It’s good to remind ourselves not to see and relate to people – children and adults – through the filter of a label, however correct we may think the label is.
Some time ago I had the opportunity of working with a woman in her late 20s. She was diagnosed as chronically depressed, and stuck in a junior position in her company because they said she was a slow learner with poor communication skills and no good at working in a team.
She had regular sessions with a psychotherapist in Sydney for 2 years. The sessions were helpful and she did make some progress, but she was still withdrawn and working below her potential – as many people would expect of a person who is chronically depressed.
She came to see me and, after having regular sessions with me for just over a year, she was promoted to team-leader. A few months later she started training another worker, and she has recently been chosen to represent her company at management level in national conferences.
The therapist she worked with previously saw a person suffering from chronic depression and, with the very best of intentions, focused on treating her depression. The therapy sessions were helpful, but didn’t go far enough.
I saw an intelligent and creative person who needed help and encouragement in overcoming the internal and external obstacles that stood in her way.
Although sometimes a problem-focused approach can be helpful, the results achieved tend to be limited and short-lived. It also runs the risk of reinforcing the problem rather than solving it.
My focus was not on depression but on helping her recognize and connect with her strengths, her excitement, intelligence and creativity, as well as identifying and dealing constructively with whatever was getting in her way.
I’m saying this because, with the best of intentions, we can get caught up in seeing a condition rather than a person.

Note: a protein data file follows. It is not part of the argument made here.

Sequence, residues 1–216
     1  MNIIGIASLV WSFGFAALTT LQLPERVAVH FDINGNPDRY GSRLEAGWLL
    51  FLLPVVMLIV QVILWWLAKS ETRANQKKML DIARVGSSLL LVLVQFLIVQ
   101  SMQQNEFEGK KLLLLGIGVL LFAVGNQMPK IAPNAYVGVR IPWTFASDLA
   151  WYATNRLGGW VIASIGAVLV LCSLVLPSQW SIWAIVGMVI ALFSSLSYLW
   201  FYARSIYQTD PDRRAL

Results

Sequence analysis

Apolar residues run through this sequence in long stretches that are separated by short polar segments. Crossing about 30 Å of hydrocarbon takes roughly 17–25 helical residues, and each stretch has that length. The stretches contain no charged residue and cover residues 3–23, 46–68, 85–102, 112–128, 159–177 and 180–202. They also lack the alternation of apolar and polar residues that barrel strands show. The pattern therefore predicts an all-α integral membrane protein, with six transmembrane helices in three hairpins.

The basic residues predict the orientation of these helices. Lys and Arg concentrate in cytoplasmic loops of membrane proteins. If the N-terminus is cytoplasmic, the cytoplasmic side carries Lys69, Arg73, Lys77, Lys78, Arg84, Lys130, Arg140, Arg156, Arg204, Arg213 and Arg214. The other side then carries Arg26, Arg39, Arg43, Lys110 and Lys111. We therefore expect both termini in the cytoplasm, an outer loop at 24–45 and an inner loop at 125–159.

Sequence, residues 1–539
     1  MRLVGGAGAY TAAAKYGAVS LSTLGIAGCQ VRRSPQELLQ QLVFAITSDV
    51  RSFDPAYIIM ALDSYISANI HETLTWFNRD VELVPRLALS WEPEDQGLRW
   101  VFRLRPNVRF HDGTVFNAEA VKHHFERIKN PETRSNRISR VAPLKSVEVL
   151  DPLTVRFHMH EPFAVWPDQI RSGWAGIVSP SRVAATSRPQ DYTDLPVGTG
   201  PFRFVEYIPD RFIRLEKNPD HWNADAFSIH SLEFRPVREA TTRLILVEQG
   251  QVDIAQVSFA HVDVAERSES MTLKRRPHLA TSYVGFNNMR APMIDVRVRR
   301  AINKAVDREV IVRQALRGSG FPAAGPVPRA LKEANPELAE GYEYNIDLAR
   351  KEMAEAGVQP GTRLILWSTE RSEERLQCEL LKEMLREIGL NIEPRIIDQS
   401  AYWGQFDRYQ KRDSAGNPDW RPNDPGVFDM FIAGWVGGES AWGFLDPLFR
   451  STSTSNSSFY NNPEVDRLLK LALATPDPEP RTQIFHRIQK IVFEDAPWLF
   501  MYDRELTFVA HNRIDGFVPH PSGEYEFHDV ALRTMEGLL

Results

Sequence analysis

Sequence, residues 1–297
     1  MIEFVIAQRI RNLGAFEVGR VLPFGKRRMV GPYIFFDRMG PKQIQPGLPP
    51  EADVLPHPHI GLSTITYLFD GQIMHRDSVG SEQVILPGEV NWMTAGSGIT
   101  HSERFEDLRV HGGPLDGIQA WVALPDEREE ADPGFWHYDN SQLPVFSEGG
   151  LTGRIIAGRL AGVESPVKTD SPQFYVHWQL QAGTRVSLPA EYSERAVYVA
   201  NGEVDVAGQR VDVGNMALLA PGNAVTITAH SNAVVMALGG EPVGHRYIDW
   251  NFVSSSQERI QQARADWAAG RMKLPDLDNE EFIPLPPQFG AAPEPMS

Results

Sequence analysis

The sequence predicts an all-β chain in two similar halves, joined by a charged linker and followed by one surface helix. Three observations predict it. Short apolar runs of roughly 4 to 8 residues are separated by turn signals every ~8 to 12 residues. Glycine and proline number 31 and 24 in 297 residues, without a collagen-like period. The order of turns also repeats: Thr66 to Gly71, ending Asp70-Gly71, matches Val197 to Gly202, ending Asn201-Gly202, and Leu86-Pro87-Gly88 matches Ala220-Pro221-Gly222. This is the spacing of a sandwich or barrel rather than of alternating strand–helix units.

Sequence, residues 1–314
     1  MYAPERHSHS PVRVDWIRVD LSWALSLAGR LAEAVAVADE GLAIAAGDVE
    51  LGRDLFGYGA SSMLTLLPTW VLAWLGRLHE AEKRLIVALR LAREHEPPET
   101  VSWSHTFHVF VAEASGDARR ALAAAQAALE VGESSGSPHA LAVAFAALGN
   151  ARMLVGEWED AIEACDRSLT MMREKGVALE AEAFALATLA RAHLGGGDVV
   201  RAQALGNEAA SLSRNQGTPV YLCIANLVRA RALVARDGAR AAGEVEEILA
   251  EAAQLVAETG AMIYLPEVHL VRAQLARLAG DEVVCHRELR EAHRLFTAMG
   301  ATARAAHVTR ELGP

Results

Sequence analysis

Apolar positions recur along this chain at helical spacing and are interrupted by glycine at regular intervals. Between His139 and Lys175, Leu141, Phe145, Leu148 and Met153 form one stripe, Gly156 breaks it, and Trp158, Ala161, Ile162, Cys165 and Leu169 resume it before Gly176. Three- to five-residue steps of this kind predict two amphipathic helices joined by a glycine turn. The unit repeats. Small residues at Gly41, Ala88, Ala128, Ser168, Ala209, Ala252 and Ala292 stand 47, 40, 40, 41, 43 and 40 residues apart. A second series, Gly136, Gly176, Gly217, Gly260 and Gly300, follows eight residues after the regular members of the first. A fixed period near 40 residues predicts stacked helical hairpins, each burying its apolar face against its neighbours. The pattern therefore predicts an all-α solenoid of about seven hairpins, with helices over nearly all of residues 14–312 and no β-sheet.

Whilst the condition needs to be recognized and understood, it is somewhat limiting and can be harmful to define a person just by their condition. A person is more, much more, than “clinically depressed”, “autistic”, “addicted”, or whatever “limiting condition” they happen to be experiencing at the time.
In my work I ask: What is trying to happen and what is getting in the way? And let the person themselves show us the answer – through their words, gestures, and the way they’re breathing and moving.
In a culture that is getting increasingly attached to labels and techniques, it is important to remember that we are still dealing with human beings.
It is also important to remember that if a person is diagnosed with a certain condition, this does not necessarily mean that they are stuck with it for the rest of their lives.
Having said all this, it’s not always easy to know what to focus on and what approach to take, and the ability to do this comes with training and experience, as well as with our willingness, as practitioners, to work on our own emotional issues in order to enable us to make clear judgements and to be aware of any emotional issues that may be getting in our way.
It’s also important to be aware of what our skills are. There is often confusion between clinical and learning approaches.
I have developed Core Development as a learning process that draws on my in-depth training and experience in somatic and other schools of psychotherapy and counselling, as well as on my own therapeutic journey and life experiences over the past 40 years.
What I provide is a learning process and not a clinical or medical treatment, and if I have any doubt that a medical or clinical intervention may be helpful I suggest that the person consults a suitably qualified clinician.
Clinical and learning approaches are different and in some cases they can be complementary.
At the risk of being criticised for saying this, however, I think the word clinical is often used too loosely and imprecisely in the fields of counselling and psychotherapy, and I prefer to leave clinical interventions to practitioners who are clinically trained over a number of years.
Each person is different and needs to find the approach or combination of approaches best suited to their needs.
Donald Marmara created Core Development – a process of change and personal growth developed from his professional training and 35 years’ experience in somatic (body) psychotherapy, counselling and structural dynamics.
Core development adopts a flexible approach, recognising that what works for one person may not work for another.
He can be contacted on 0412 178 234.